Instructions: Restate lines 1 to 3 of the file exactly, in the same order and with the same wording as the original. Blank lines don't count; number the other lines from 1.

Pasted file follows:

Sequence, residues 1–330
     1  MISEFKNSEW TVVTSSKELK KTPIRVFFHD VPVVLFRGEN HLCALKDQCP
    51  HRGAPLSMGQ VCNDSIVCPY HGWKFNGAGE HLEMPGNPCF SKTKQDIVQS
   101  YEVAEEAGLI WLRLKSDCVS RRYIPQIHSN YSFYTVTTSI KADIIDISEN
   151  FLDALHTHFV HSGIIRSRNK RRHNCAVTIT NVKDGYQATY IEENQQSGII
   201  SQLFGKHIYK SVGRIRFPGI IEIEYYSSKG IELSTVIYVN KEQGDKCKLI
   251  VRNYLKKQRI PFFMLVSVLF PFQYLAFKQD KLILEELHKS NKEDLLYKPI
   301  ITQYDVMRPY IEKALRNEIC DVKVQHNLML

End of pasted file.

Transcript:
Sequence, residues 1–330
     1  MISEFKNSEW TVVTSSKELK KTPIRVFFHD VPVVLFRGEN HLCALKDQCP
    51  HRGAPLSMGQ VCNDSIVCPY HGWKFNGAGE HLEMPGNPCF SKTKQDIVQS